Whether you typically go all-out, or you stick to the basics when decorating for the holidays, front-door wreaths are a definite necessity. They are beautiful decorations for your home or office and can really showcase your true holiday cheer. Hang a wreath on your front door to greet your visitors with holiday cheer that lasts from season to season.
A wreath or garland helps add holiday decor to your home in classic festive style. If you are driving around town, chances are that you have seen a Christmas wreath on nearly every front door. While Advent wreaths are usually placed on stands or tables, there are also decorative Christmas wreaths that are hung on doors or walls. To add a personalized touch to your wreath, how about adding some festive Christmas ribbon and home-made decorations to make it stand out from the rest?
Christmas wreaths are also associated with the pagan festival Yule, marking the winter solstice, celebrated by the Ancient Germanic and Scandinavian nations.
Today, wreaths are used in a variety of religious contexts that are not associated with Christmas. In Anglophone countries, wreaths are generally used as home decorations, and are more often than not used for advent and Christmas decorations. Wreaths are decorative arrangements which may be found throughout a house all year round; however, to many, they are seasonal decorations, with the holiday most commonly associated with wreaths being Christmas. During this season, Christmas wreaths are typically placed either flat on a surface to use as advent wreaths, or they are hung from a single wall or front door.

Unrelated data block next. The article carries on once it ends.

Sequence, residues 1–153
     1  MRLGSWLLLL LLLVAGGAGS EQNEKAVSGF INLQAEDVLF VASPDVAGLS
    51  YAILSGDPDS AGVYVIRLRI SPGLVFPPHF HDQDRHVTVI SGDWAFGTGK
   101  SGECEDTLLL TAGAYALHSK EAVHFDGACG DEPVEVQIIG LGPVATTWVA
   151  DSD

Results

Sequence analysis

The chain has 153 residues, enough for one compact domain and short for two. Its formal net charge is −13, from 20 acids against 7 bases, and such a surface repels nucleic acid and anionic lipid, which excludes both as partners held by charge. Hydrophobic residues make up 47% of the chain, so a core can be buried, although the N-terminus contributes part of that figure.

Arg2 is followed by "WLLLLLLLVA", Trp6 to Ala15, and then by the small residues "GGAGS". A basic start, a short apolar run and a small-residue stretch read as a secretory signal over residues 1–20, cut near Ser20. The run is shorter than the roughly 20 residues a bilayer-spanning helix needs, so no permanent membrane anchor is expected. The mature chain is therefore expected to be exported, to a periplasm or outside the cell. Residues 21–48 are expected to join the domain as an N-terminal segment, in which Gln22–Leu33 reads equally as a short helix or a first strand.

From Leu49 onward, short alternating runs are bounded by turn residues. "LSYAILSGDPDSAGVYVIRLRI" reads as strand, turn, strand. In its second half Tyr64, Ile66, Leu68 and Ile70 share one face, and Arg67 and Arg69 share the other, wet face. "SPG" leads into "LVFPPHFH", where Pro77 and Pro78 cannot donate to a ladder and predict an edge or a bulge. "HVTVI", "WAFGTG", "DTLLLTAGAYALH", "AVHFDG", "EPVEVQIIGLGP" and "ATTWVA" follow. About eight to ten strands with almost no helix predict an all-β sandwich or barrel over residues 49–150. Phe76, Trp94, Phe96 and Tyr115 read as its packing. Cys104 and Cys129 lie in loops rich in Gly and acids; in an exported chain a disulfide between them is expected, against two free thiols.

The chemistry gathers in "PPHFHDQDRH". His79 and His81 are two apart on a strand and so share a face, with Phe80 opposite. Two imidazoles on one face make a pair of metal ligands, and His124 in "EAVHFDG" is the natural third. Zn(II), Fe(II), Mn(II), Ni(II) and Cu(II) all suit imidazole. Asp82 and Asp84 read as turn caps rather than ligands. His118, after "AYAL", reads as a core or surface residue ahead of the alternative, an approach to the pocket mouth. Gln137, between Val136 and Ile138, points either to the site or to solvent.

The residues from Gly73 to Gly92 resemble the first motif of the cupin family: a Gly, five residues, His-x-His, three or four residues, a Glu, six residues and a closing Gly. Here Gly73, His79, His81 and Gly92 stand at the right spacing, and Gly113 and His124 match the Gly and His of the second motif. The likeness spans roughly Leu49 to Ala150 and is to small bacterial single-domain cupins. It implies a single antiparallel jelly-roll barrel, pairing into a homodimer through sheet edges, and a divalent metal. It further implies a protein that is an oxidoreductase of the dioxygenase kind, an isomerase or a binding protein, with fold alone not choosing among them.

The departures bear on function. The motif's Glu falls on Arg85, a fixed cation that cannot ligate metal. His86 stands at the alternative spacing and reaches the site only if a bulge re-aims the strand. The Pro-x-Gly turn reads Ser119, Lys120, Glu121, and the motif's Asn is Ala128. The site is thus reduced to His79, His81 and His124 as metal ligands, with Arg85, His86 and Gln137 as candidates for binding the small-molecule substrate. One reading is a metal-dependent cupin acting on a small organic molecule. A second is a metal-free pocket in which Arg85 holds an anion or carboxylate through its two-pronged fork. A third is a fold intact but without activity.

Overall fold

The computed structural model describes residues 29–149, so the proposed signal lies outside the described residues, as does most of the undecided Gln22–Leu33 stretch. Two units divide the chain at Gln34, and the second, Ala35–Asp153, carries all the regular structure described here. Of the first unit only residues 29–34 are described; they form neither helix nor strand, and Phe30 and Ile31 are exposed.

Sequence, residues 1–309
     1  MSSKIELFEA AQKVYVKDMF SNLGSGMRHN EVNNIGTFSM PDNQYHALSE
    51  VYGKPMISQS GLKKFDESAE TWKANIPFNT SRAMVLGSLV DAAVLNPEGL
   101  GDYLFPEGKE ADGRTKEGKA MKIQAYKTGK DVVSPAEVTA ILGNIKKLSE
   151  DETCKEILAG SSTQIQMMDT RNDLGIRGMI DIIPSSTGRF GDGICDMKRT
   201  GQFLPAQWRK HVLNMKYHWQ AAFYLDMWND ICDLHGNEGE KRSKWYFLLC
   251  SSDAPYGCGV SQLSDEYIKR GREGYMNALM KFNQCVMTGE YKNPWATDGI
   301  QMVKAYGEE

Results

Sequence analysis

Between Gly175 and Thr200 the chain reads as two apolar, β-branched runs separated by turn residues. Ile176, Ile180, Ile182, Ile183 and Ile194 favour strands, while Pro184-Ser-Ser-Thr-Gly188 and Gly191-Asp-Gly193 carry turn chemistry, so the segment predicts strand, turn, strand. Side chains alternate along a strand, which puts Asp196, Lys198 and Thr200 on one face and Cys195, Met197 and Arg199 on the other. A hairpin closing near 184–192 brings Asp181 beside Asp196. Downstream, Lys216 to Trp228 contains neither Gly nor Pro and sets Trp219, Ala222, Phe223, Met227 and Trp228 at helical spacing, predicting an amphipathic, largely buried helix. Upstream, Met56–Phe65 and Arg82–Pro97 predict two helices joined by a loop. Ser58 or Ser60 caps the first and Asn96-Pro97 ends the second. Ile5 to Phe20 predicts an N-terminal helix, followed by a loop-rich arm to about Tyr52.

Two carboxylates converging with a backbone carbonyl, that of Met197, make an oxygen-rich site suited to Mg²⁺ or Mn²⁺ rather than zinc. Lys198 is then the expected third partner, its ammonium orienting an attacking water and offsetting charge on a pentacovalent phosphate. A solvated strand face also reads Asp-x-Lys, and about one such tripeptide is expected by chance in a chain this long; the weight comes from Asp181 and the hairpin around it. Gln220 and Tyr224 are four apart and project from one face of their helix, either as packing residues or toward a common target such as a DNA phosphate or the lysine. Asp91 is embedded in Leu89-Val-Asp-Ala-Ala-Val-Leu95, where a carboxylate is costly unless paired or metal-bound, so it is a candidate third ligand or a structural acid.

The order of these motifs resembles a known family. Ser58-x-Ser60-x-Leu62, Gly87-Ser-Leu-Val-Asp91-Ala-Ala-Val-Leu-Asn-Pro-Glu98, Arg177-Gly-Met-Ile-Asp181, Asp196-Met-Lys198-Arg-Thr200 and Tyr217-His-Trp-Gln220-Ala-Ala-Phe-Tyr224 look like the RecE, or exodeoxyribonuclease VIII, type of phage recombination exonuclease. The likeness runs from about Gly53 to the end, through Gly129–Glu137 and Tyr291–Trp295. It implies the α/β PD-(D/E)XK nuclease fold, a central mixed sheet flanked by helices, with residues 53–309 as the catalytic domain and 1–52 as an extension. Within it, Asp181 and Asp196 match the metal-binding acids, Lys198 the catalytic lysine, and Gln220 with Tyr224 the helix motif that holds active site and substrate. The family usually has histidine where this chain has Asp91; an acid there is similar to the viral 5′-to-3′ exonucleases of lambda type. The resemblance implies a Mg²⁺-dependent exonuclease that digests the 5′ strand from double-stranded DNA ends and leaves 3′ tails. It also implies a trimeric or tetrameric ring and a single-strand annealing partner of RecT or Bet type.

Although they have become a tradition of the holidays both in the U.S. and elsewhere around the world, many are not aware of their long history and various meanings. In the UK, wreaths are primarily laid on Cenotaphs at Christmastime at a national service of Remembrance. May Day celebrations in England involve a celebration around a maypole, which culminates in a contest between unmarried young men who scale to the top of a maypole in order to catch a May Day wreath that is perched on the top of the Maypole. The maypole The maypole The mayday wreath that is perched on the top of the pole. The winner of this contest would have the wreath worn as their crown, and be recognized as King of Christmas throughout the remainder of the festival.
If you cannot also resist going all-out in your festive decorations and Christmas DIYs, then you are going to fall head over heels over these stunning DIY Christmas Decor. Since the 16th century, beautiful wreaths have been part of our holiday decorations — and there are so many ways you can use them. Choose the Berry Wreath to show off the ultimate Merry Season décor, which will work great with your other holiday-themed accessories. Try to avoid buying one covered with glitter, and be sure to store it away safely after you are done with it, so you can reuse it for the following year.
The Catholic Christmas wreath has four candles – three purple ones, symbolizing penance, expectation, and a pink one, representing a joy that is about to arrive. The four candles represented the elements earth, wind, fire, and water. For each Sunday during the Advent season, beginning on the fourth Sunday before Christmas, she would place one white candle on her wreath, while using one red candle on each of the days between.
Other types of plants used for crowning the wreaths had symbolic significance as well. Today, the wreath hung on one door during the Christmas season can symbolize the welcome of Jesus to oneas house, or perhaps the welcome of the Christmas spirit to a house, together with a blessing. Protestant Reformers like the Puritans saw wreaths, and the holidays with which they were associated, like Christmas, as a corrupting influence from paganism that destroyed sound Christian morality.